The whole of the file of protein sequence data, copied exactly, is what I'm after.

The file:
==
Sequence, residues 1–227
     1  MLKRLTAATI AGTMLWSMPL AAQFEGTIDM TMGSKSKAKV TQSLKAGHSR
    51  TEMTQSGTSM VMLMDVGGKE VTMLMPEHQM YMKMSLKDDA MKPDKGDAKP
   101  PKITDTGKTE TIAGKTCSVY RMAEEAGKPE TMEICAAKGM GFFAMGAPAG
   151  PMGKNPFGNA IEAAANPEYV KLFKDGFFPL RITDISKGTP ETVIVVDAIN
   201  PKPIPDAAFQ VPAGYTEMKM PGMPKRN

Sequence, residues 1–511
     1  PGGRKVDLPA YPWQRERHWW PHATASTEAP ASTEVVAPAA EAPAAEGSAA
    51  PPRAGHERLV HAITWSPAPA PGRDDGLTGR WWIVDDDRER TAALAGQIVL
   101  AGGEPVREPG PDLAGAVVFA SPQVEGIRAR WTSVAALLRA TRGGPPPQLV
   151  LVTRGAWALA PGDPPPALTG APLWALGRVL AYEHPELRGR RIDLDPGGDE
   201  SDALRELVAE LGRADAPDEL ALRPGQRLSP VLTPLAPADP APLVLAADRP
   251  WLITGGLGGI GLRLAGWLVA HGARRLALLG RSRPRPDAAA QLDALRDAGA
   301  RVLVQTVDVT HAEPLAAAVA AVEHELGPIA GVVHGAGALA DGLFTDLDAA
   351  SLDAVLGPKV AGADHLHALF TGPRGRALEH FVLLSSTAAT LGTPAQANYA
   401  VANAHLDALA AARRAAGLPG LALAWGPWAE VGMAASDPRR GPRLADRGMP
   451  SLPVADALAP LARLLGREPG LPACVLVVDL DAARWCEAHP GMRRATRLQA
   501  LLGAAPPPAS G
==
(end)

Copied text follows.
Sequence, residues 1–227
     1  MLKRLTAATI AGTMLWSMPL AAQFEGTIDM TMGSKSKAKV TQSLKAGHSR
    51  TEMTQSGTSM VMLMDVGGKE VTMLMPEHQM YMKMSLKDDA MKPDKGDAKP
   101  PKITDTGKTE TIAGKTCSVY RMAEEAGKPE TMEICAAKGM GFFAMGAPAG
   151  PMGKNPFGNA IEAAANPEYV KLFKDGFFPL RITDISKGTP ETVIVVDAIN
   201  PKPIPDAAFQ VPAGYTEMKM PGMPKRN

Sequence, residues 1–511
     1  PGGRKVDLPA YPWQRERHWW PHATASTEAP ASTEVVAPAA EAPAAEGSAA
    51  PPRAGHERLV HAITWSPAPA PGRDDGLTGR WWIVDDDRER TAALAGQIVL
   101  AGGEPVREPG PDLAGAVVFA SPQVEGIRAR WTSVAALLRA TRGGPPPQLV
   151  LVTRGAWALA PGDPPPALTG APLWALGRVL AYEHPELRGR RIDLDPGGDE
   201  SDALRELVAE LGRADAPDEL ALRPGQRLSP VLTPLAPADP APLVLAADRP
   251  WLITGGLGGI GLRLAGWLVA HGARRLALLG RSRPRPDAAA QLDALRDAGA
   301  RVLVQTVDVT HAEPLAAAVA AVEHELGPIA GVVHGAGALA DGLFTDLDAA
   351  SLDAVLGPKV AGADHLHALF TGPRGRALEH FVLLSSTAAT LGTPAQANYA
   401  VANAHLDALA AARRAAGLPG LALAWGPWAE VGMAASDPRR GPRLADRGMP
   451  SLPVADALAP LARLLGREPG LPACVLVVDL DAARWCEAHP GMRRATRLQA
   501  LLGAAPPPAS G